Assuming the post of pastor or leader has substantial hurdles. The introductory poem in this article vividly depicts the inherent challenges that those in such positions face in front of the congregations they serve. Nonetheless, an excellent leader who constantly cultivates closeness with God may overcome these problems and evolve into an effective leader, assuring the ongoing efficacy of their leadership or service.  “Warner and Wilder explain, “Effective leaders are set apart by the maturity that shows up wherever they go. Their maturity serves as a catalyst for everything they do. It helps them focus on the right issues and make sure they are giving their conscious attention to the right things.”[9] Presuming a leadership or ministry role is inherently difficult, but this book aims to make every aspect of leadership and ministry a source of visible, vocal, and holistic joy. This book endeavors to assist each pastor or leader in consistently embodying the qualities and integrity crucial for effective leadership and ministry.  Therefore, let’s always serve and lead with care, stay humble, and dare to be RARE.


[1] Marcus Warner and Jim Wilder, Rare Leadership: 4 Uncommon Habits for Increasing Trust, Joy, and Engagement in the People You Lead (Chicago, IL: Moody Publishers, 2016), 185.

[2] Marcus Warner and Jim Wilder, Rare Leadership, 25

[3] Ibid.

[4] Ibid, 41-42.

[5] Ibid.

[6] Ibid.

[7] Ibid, 113.

[8] John Calvin, Institutes of the Christian Religion, trans. F. L. Battles, (London: S.C.M. Press, (1960), 44.

[9] Marcus Warner and Jim Wilder, Rare Leadership in The Workplace: 4 Uncommon Habits that Improve Focus, Engagement, and Productivity (Chicago, IL: Northfield Publishing, 2021), 21.

About the Author


Dinka Utomo

Dinka Nehemia Utomo is an ordained pastor of the Protestant Church in the Western part of Indonesia (Gereja Protestan di Indonesia bagian Barat or GPIB). He has served for more than 15 years. The first five years of his ministry were in the remote area of East Kalimantan, including people from the indigenous Dayak tribe in the small villages in the middle of the forest, frequently reached using small boats down the river. For more than 15 years, Dinka has served several GPIB congregations in several cities in Indonesia. He has always had a passion for equipping Christian families, teaching and guiding them to build equal relations between husband and wife, maintaining commitment, love, and loyalty, creating a healthy and constructive Christian family atmosphere, and rejecting all forms of violence and sexual violence. Dinka's beloved wife, Verra, is also a GPIB pastor. They have two blessed children. Dinka and his wife and children love to spend quality family time, such as lunch or dinner, and vacation to exotic places.

6 responses to “Leading with Care: Dare to Be RARE”

  1. mm Pam Lau says:

    Thank you for your thoughtful post and the poem at the beginning. From your understanding of Scripture, working as a pastor and God’s calling to be humble–how might you best define Humility?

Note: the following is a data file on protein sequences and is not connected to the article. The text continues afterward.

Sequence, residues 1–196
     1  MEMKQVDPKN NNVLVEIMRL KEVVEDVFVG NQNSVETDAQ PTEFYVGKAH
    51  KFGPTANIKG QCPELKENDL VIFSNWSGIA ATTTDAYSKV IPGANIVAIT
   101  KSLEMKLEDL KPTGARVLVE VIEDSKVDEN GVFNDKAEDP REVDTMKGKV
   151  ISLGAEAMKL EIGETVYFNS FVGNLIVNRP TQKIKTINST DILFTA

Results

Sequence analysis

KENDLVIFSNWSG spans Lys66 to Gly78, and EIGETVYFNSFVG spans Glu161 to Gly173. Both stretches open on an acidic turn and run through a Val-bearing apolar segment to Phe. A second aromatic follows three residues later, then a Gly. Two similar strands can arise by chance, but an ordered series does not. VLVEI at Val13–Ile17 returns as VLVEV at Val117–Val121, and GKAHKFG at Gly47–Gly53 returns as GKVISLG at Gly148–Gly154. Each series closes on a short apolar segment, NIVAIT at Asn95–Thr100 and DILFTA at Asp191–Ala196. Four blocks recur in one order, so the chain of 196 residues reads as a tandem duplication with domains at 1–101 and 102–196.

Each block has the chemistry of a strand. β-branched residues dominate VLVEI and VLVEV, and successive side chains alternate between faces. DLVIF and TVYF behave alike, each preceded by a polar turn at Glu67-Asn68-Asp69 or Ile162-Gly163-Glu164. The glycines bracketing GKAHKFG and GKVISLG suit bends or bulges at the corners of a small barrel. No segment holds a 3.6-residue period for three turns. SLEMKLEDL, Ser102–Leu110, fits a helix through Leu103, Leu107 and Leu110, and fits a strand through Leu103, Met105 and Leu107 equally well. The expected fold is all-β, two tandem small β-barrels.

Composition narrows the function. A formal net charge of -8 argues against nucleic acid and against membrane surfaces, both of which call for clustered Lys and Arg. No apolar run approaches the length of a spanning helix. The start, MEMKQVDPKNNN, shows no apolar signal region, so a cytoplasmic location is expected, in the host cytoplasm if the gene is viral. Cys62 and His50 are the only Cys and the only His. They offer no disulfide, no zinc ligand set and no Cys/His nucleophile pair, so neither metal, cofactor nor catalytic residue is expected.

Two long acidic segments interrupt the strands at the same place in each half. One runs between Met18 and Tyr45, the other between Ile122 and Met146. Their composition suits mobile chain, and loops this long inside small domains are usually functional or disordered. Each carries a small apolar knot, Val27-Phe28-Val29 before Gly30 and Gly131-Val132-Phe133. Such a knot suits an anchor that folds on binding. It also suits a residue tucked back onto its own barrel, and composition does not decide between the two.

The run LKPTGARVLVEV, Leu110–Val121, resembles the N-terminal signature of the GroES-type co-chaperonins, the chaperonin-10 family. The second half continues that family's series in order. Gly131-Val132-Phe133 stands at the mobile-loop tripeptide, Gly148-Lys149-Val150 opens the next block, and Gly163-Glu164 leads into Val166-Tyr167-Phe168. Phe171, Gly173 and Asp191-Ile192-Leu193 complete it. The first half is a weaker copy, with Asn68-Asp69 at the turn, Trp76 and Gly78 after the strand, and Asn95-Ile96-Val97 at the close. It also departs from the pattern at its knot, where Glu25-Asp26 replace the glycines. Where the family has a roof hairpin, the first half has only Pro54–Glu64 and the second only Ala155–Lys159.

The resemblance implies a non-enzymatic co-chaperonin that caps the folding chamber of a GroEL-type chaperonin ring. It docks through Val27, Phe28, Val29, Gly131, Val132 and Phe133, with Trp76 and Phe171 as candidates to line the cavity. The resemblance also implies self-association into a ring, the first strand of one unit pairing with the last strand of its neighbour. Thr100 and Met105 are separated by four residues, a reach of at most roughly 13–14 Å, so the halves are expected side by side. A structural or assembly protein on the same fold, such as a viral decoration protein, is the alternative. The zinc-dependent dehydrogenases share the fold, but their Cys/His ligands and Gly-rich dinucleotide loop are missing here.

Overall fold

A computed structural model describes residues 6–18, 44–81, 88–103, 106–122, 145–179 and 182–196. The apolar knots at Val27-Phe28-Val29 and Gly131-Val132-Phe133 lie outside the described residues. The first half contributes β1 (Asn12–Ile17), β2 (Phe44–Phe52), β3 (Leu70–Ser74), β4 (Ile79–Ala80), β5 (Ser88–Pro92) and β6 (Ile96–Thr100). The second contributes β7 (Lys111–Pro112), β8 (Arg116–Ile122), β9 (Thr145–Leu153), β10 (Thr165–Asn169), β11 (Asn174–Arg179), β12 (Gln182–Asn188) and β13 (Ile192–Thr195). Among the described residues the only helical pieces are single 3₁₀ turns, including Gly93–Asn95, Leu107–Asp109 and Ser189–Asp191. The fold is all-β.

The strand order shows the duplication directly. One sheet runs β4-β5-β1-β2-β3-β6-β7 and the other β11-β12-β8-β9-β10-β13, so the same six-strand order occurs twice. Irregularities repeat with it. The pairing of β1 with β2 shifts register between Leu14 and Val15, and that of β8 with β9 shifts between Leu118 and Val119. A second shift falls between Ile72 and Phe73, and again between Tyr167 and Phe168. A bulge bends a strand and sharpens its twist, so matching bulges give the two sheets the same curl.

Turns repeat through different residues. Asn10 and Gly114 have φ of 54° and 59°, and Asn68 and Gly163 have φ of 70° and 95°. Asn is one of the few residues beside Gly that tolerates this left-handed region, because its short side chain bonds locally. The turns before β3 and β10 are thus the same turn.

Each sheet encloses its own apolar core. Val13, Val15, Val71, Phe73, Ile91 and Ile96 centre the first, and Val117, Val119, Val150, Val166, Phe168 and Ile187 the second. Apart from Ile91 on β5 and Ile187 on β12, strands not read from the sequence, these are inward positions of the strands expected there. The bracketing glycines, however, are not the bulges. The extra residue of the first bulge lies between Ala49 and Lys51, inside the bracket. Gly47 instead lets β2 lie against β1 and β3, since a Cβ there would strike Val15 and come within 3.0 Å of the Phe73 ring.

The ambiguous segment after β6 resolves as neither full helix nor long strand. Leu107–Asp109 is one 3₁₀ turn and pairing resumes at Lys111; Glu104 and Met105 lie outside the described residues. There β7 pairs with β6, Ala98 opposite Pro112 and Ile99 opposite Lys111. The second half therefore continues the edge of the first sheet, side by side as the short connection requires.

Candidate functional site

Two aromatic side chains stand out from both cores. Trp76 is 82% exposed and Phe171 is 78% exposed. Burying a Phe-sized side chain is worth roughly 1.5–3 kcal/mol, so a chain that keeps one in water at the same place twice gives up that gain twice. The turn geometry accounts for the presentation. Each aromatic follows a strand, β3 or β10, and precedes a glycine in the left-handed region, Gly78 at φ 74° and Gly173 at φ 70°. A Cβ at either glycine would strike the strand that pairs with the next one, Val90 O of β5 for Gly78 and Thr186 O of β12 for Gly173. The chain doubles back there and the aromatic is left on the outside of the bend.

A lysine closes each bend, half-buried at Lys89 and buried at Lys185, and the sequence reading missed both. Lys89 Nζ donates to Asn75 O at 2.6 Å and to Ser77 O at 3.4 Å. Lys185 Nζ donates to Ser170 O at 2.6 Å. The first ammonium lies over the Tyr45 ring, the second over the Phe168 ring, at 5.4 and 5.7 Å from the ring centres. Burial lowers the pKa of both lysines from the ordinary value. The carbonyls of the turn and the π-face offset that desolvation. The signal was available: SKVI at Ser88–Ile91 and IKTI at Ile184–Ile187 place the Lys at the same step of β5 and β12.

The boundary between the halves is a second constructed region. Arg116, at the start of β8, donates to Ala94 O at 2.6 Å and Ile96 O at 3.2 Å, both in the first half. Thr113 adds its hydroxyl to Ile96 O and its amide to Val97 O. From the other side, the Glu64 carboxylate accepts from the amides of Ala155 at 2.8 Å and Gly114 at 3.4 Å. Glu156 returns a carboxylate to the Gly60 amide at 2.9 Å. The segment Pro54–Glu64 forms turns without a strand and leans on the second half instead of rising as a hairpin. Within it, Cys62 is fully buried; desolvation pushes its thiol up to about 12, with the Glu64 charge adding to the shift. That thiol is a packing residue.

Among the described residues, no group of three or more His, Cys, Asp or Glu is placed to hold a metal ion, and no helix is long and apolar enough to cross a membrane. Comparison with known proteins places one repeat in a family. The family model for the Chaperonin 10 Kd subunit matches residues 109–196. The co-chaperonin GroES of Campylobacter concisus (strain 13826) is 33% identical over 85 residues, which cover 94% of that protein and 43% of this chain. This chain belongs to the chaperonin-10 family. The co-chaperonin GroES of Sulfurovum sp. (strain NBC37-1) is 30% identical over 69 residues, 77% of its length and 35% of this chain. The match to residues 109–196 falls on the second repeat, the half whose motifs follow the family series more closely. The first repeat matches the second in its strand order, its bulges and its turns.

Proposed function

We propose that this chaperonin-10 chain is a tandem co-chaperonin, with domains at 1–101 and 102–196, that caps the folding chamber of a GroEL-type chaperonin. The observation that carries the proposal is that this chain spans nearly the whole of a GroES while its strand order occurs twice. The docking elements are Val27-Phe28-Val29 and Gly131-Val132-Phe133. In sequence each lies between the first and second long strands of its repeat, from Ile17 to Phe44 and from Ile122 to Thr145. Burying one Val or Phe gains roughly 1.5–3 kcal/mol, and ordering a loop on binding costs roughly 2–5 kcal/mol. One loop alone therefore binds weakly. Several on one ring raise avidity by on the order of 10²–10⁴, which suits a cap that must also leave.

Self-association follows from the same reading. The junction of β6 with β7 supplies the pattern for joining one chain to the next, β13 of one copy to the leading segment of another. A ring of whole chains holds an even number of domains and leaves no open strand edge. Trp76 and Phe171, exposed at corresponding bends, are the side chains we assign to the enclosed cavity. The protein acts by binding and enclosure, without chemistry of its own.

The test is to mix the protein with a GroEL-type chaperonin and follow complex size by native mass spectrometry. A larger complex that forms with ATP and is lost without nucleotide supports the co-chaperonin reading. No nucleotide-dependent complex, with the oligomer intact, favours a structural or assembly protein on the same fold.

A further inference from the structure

2. mm Dinka Utomo says:

    Hi Pam! Thanks for questioning, it’s so brilliant.

    In all honesty, I may not have the best description of humility, but Christ’s deeds provide a perfect example. His self-emptying, immersion in the world’s lowliness and humiliation, and adoption of the position of a servant, all in simplicity and away from the temptation of worldly grandeur, provided an excellent example. However, Christ’s example goes beyond this: He willingly served with unshakable dedication and gave His life for a humanity that rejected and hated Him.
    Recognizing my intrinsic differences from Christ, I understand that repeating His examples is impossible. Nonetheless, I am determined to follow Christ’s example and develop humility in myself. The ultimate objective is through my life God be glorified always.

  3. Esther Edwards says:

    Thank you for sharing the poem. It truly shows the demands that pastors often feel. However, I love how you gave hope to show that excellent leaders “who constantly cultivate closeness with God may overcome these problems and evolve into an effective leader(s), assuring the ongoing efficacy of their leadership or service.” How might you encourage a young pastor who is feeling the pressure of what others think and help him remain hope-filled with his calling?

    • mm Dinka Utomo says:

      Hi Esther!
      Your question is very insightful and challenging. Your question is not only not easy to answer but also not easy to do.

      First, I think it is important for them to regularly take part in recollection and contemplation activities which aim to always remind them of the initial call that God revealed to them.
      Second, I think it is very important to build a support system consisting of mentors, and senior pastors with integrity to share experiences and strategic tips to always remain faithful and fresh in ministry. Support from other more senior people will create a climate of friendship and support that keeps a pastor away from feelings of pressure and the threat of burnout.
      Third, I think the process of increasing capacity through continuous learning and professional development is also important for young pastors. For example, through ecumenical training, further studies, or involvement in international church conferences.

      Might be other strategies are much more effective than what I mentioned above. However, I believe that seriousness in providing support and strengthening to young pastors is indeed something that plays a significant role in the context of church ministry.

  4. Hey Dr. Dinka! I love reading your posts! You have such a shepherd’s heart and you definitely care about people.
    Based upon your post, which one of the RARE acronym is the easiest for you and why?

    • mm Dinka Utomo says:

      Hi Dr. Todd!

      Thanks for your comment. I appreciate it! I learn many good things from you.

      To be honest, keeping to the term RARE is not simple. It is difficult to maintain relations when confronted with disappointment or hurt. Then, acting like myself becomes tough when confronted with problems and temptations, pushing us to portray a different mask. Subsequently, returning joy is rarely an easy effort when one problem lingers while another arises. Finally, enduring hard times becomes difficult when it appears that no one cares.

      Nevertheless, I am not pessimistic. It’s because my ideal role model is Christ. Through prayer and work, I hope to become more like Him, incorporating His examples into my ministry and leadership.